The San Luis Obispo Regional Transit Authority (SLORTA) will receive nearly $2 million in grant money, according to an announcement made by California congresswoman Lois Capps.
The money was issued by the U.S. Department of Transportation’s Federal Transit Authority, and it will be used to buy five buses and two vans. The buses will run on clean diesel, and the vans will be tailored to make transportation easier for disabled passengers.
Increasing public transportation and decreasing society’s dependence on fossil fuels are two issues that Capps heavily advocates for, her press secretary Ashley Schapitl said.
Capps was recognized along with seven other California Delegation Offices for her work in “greening” the capital.
She also helped secure a $15 million grant to fund the construction of new facilities for Gold Coast Transit in Ventura County, Calif.
The San Luis Obispo grant comes from a State of Good Repair Initiative — which is a competitive, yearly grant said Tania Arnold, co-interim executive director at SLORTA. The grant has been available for two years, though SLORTA staff applied unsuccessfully last year. They plan to apply again in 2012.
“On that same grant, we also applied for funding for the South County Area Transit group and for Paso Robles Express, because they are also in need of vehicles,” Arnold said. “But those agencies were not successful, so we definitely will be applying for it again.”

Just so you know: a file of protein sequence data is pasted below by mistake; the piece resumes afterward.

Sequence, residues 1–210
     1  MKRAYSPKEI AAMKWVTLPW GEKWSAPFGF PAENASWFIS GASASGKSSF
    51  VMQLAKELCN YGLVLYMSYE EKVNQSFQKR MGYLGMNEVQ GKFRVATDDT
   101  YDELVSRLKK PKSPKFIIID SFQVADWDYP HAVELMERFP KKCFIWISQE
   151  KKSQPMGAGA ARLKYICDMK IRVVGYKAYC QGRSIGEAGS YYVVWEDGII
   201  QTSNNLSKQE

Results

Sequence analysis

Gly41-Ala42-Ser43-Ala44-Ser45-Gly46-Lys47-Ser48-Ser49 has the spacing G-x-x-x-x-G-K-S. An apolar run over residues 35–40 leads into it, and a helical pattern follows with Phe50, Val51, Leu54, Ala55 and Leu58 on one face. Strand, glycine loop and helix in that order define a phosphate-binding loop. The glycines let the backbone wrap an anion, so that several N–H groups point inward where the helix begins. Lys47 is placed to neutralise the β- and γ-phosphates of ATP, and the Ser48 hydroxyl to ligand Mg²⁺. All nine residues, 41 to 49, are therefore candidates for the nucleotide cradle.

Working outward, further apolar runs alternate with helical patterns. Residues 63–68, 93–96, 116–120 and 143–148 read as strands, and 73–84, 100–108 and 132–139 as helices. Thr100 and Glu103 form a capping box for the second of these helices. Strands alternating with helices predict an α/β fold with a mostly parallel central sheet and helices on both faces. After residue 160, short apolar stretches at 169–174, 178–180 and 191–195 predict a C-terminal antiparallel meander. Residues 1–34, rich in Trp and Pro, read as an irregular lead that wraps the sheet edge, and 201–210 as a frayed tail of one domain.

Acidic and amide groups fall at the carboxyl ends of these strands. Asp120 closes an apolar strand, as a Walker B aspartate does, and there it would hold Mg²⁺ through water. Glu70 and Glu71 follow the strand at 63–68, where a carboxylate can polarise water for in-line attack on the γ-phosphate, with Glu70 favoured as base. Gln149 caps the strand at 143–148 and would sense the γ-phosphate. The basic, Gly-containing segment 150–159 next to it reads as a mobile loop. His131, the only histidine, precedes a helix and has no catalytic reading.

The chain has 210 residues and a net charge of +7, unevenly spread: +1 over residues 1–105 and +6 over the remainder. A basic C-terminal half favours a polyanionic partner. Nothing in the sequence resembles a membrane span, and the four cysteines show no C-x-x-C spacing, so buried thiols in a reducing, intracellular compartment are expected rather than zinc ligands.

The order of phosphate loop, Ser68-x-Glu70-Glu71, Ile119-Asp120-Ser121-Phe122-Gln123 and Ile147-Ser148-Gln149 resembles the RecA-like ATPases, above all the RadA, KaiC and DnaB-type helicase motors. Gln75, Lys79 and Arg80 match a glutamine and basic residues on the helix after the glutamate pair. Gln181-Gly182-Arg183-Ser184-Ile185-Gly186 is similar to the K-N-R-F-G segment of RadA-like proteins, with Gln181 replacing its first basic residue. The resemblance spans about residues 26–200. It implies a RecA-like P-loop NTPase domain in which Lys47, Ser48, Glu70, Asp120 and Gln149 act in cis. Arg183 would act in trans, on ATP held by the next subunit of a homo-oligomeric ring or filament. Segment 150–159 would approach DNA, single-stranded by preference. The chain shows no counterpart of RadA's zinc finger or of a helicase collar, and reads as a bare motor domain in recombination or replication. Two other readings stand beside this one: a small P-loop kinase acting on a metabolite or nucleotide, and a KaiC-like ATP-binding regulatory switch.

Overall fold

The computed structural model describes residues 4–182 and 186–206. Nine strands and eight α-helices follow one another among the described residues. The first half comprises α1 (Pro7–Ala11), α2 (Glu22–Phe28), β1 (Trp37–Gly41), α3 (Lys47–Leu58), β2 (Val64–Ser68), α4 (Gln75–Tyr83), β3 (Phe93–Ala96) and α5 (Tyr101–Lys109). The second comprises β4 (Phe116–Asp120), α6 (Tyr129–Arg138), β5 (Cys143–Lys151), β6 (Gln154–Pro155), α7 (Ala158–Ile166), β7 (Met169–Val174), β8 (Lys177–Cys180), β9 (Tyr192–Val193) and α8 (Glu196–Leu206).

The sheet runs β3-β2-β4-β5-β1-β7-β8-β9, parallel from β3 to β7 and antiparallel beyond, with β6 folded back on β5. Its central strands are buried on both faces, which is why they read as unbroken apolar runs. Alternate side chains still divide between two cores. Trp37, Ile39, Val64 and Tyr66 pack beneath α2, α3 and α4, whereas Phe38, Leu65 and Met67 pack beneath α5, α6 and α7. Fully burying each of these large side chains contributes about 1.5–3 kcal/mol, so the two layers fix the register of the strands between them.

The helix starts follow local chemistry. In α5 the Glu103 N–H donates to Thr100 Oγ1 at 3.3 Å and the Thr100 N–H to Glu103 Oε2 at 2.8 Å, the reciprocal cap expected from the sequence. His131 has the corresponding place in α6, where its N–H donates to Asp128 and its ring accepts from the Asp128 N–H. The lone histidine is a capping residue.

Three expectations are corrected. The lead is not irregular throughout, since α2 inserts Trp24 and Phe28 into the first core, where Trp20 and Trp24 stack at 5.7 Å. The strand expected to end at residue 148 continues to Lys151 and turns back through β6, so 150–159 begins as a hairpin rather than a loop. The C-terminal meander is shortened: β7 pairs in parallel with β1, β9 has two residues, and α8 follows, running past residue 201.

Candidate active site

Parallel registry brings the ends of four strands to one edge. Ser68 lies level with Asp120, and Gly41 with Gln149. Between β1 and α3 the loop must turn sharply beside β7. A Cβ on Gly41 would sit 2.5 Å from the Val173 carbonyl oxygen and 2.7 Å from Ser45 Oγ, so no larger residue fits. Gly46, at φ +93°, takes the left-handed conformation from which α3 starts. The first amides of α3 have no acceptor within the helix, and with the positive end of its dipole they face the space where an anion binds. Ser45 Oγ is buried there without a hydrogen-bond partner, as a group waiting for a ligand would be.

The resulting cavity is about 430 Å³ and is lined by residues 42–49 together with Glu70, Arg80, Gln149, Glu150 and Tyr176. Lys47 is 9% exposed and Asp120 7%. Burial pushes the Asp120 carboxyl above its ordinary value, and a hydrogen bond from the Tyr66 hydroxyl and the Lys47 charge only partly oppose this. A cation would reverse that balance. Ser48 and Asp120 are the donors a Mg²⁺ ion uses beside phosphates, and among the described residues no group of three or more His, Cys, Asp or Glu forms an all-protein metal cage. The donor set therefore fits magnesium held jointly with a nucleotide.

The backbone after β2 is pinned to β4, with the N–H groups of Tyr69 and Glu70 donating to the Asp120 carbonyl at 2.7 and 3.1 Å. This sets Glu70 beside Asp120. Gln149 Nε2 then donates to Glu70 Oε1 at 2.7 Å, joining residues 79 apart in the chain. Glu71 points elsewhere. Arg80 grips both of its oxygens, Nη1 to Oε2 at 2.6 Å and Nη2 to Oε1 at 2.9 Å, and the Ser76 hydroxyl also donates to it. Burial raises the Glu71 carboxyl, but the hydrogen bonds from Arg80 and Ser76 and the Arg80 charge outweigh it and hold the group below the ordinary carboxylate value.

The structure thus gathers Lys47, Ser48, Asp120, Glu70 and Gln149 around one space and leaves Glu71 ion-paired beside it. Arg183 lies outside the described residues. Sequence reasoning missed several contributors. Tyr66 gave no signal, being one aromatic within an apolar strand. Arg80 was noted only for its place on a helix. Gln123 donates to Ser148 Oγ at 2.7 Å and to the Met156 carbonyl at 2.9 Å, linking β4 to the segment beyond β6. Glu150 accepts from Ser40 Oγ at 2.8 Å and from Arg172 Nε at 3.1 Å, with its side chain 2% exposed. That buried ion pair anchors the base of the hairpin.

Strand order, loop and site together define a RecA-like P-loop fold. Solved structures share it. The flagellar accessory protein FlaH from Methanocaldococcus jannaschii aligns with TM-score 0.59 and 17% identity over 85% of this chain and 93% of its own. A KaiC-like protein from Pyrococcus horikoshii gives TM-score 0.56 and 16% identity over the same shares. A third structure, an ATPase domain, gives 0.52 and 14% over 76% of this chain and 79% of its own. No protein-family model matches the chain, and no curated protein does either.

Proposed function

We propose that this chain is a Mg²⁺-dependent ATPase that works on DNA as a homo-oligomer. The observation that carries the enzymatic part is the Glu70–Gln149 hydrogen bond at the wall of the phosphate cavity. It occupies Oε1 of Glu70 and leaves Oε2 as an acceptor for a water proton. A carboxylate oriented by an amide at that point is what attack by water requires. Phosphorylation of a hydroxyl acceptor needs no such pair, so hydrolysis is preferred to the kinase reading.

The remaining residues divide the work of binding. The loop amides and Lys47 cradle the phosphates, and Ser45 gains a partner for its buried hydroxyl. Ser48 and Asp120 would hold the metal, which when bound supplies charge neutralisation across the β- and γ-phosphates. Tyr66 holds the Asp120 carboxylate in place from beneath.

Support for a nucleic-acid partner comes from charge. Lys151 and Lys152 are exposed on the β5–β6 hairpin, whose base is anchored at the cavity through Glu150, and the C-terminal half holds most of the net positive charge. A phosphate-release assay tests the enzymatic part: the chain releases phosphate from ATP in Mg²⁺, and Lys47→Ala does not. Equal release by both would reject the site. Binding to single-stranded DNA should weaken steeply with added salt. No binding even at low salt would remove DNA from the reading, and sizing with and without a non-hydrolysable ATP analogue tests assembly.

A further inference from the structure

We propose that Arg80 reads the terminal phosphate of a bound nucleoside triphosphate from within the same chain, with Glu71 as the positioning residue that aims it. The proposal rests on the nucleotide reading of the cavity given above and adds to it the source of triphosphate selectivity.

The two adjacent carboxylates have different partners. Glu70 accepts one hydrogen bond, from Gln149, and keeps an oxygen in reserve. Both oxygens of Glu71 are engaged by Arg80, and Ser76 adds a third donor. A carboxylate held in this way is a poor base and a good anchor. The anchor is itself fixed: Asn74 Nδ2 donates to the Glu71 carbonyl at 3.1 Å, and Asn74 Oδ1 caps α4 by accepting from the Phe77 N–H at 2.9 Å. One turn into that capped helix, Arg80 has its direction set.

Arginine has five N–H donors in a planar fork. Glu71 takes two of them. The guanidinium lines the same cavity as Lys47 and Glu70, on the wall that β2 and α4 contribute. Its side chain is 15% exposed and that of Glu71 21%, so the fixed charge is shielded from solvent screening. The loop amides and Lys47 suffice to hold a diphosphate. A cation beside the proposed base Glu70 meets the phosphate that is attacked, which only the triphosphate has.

The money allocated this year will primarily help in lowering maintenance costs. SLORTA currently uses 14 to 16 passenger vans for their American’s with Disabilities Act (ADA) paratransit service, called Runabout. However, Arnold said the seats often do not get filled.
“The hope is to offer smaller vehicles that are basically low-floor minivans, so you can get one or two ambulatory passengers on the vehicle as well as a wheelchair passenger and be more fuel-efficient with a lower cost of maintenance,” Arnold said. “They are also a lot cheaper to purchase.”
The five new buses will also contribute to lowering operational costs by replacing four aging vehicles — two vehicles are from the year 1995 and two are from 1997.
Arnold said the 1995 buses had approximately 900,000 miles on them, and the 1997 buses had about 800,000 miles each as of June.
“Obviously, trying to maintain a vehicle that has nearly a million miles on it is very difficult, so there’s savings related to that,” Arnold said.
She said the new buses will also help ensure more dependable service for passengers.
“There will be fewer breakdowns,” Arnold said. “One of the greatest challenges that we face is the Cuesta grade. The older a vehicle gets, it becomes much more difficult for it to make that trek up to the North County, so being able to have more reliable service is a huge benefit to our customers.”
San Luis Obispo resident Lee Blaisdell said he rides the bus two or three times a week. While he said he has been on the bus a number of times when it has broken down, he also said the transit authority does a good job of doing what they can to get passengers to their destinations.
“In fact, once they sent a limousine out, because there were no more buses available,” Blaisdell said.
The new busses will begin running in 2013, and the minivans will likely be in service by mid-2012.